“You Must Be Sad At Heart”

From the first reading for Wednesday, October 4th, Feast of St. Francis


NEH 2:1-8

In the month Nisan of the twentieth year of King Artaxerxes,
when the wine was in my charge,
I took some and offered it to the king.
As I had never before been sad in his presence,
the king asked me, “Why do you look sad?
If you are not sick, you must be sad at heart.”
Though I was seized with great fear, I answered the king:
“May the king live forever!
How could I not look sad
when the city where my ancestors are buried lies in ruins,
and its gates have been eaten out by fire?”
The king asked me, “What is it, then, that you wish?”
I prayed to the God of heaven and then answered the king:
“If it please the king,
and if your servant is deserving of your favor,
send me to Judah, to the city of my ancestors’ graves,
to rebuild it.”
Then the king, and the queen seated beside him,
asked me how long my journey would take
and when I would return.
I set a date that was acceptable to him,
and the king agreed that I might go.


Nehemiah simply states in this reading from Scripture, “How could I not look sad when the city where my ancestors are buried lies in ruins, and its gates have been eaten out by fire?”  I think with all of the devastation we have seen recently in our world, we would respond similarly. If someone approached us and asked for the reason for our sadness, how many of us would gesture to the news, mention an upsetting headline, or admit that we are just not sure what to think anymore. We, like Nehemiah, “must be sad at heart.”

It can be difficult when we dwell on the sadness of our world to remember the goodness of our God. I was listening to a song this week and the artist sang, “Tap your foot and listen in, ignore the world let the music cave in.” All of us have our own ways of coping with sadness. It could be music, Netflix, food, an old habit or hobby, going to the gym, or reading a book. It is our way of escaping the stress and worries we may have. Although this can sometimes be good, it can be exactly that, an escape.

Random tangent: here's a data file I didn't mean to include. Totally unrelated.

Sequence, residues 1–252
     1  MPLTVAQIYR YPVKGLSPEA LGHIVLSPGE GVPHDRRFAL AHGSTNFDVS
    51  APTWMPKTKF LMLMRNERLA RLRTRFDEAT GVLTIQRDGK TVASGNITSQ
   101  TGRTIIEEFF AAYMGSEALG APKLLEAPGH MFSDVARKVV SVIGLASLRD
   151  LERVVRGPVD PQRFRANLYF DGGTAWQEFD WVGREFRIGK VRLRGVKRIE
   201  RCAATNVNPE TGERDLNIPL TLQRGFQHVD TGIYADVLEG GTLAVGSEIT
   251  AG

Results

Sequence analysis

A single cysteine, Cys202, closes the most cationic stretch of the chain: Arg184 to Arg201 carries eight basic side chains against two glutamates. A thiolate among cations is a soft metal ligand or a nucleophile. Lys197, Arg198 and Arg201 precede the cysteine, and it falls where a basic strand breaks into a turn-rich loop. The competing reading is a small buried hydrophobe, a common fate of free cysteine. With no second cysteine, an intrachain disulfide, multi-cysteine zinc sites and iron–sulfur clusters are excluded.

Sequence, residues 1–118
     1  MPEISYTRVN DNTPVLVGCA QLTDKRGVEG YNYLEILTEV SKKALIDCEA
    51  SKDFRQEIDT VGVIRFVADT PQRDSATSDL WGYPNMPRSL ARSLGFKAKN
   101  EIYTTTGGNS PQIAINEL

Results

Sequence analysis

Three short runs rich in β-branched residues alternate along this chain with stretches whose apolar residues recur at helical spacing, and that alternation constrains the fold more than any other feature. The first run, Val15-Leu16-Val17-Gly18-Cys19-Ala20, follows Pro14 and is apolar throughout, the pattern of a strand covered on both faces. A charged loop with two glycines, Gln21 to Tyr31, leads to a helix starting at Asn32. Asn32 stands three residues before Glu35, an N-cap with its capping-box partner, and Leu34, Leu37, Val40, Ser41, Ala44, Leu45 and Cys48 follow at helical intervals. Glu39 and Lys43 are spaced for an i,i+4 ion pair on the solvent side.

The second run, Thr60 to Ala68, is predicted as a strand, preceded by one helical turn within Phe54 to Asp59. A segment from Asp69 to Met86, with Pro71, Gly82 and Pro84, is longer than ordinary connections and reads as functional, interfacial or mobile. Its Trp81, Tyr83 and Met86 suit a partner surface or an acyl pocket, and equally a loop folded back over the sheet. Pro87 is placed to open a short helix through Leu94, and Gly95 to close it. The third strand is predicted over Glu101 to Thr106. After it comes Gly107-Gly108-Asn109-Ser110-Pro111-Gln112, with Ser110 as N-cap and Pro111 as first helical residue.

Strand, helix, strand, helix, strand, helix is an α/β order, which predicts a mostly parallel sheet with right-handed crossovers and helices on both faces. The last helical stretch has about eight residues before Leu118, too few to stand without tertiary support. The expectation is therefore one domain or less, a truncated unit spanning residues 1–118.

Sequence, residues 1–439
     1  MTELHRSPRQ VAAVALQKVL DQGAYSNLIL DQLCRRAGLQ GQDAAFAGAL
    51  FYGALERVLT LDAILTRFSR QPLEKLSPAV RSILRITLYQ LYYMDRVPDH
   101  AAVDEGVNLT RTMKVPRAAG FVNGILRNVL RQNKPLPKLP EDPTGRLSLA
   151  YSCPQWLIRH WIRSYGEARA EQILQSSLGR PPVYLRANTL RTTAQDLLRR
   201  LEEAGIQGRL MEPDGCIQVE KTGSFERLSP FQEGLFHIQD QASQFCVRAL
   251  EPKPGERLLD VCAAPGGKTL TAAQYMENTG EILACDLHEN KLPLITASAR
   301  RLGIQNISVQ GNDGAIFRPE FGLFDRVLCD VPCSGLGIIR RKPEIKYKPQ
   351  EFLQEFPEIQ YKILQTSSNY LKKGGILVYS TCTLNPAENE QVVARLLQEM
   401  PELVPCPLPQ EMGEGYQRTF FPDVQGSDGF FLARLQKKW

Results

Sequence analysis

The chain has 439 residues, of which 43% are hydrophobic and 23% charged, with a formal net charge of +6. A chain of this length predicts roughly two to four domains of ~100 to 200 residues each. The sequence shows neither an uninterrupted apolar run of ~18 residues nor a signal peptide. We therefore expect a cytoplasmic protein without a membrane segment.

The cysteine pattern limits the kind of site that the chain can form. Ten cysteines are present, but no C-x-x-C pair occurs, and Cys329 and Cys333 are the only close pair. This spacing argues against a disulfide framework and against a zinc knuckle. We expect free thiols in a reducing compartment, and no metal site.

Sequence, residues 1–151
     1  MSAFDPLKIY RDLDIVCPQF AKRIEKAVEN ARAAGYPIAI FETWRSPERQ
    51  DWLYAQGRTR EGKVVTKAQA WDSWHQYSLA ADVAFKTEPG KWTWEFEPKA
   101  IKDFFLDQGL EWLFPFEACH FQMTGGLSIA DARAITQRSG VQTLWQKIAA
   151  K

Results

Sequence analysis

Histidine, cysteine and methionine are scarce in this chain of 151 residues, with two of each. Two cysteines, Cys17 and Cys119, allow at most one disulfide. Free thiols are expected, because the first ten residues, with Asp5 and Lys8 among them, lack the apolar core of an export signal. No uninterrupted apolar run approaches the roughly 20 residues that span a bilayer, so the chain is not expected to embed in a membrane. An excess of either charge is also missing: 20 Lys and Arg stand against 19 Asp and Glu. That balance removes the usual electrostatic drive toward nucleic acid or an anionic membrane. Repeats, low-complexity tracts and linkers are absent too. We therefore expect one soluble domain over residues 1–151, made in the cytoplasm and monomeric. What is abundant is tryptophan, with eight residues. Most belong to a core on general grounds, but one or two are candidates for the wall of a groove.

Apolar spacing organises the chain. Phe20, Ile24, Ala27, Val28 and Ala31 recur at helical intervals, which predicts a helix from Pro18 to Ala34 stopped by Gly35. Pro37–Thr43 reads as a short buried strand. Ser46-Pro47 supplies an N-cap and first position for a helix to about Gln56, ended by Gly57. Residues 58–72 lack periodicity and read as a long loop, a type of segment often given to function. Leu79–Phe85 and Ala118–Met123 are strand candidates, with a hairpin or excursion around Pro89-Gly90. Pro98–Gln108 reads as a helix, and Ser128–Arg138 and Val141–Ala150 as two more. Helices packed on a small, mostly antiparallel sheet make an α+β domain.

When we escape our feelings, doubts, or anxieties without truly addressing them, it affects us. We can become down-trodden, disappointed, and even angry. Ultimately, we end up just like Nehemiah, sad at heart.

Unlike Nehemiah, we don’t usually follow up being sad at heart with going to go fix the problem. Sure, we may feel the sorrow, shake our heads, and admit how tragic it all is; but what do we do about the situation? Nehemiah sees the people in need and goes. He feels the Holy Spirit guiding him to not just be still, to not remain just sad at heart, lying in bed watching Netflix and wishing the bad things had not happened in the first place.

In a world that asks where God is in the midst of sorrow and trial, we must bring His light. We hear in Christian music, in quotes by Mother Teresa, to reach outside of ourselves and to be God’s hands and feet here on earth. Do we really pray for that, or are we too focused on where God does not appear to be? Are we really asking God to use us in whatever way best benefits Him and His plans? Are we asking Him to make his presence and his goodness known through us and the lives that we live?

When we allow ourselves to be once again the simple vessel in the hands of the Potter, reworked to each situation that He needs us in, we are more so our true selves. We can aid in rebuilding what is broken. Let us say like Nehemiah to the great King, “If it pleases you, send me.”

Tags: , , , , , , , ,

No comments yet.

Leave a Reply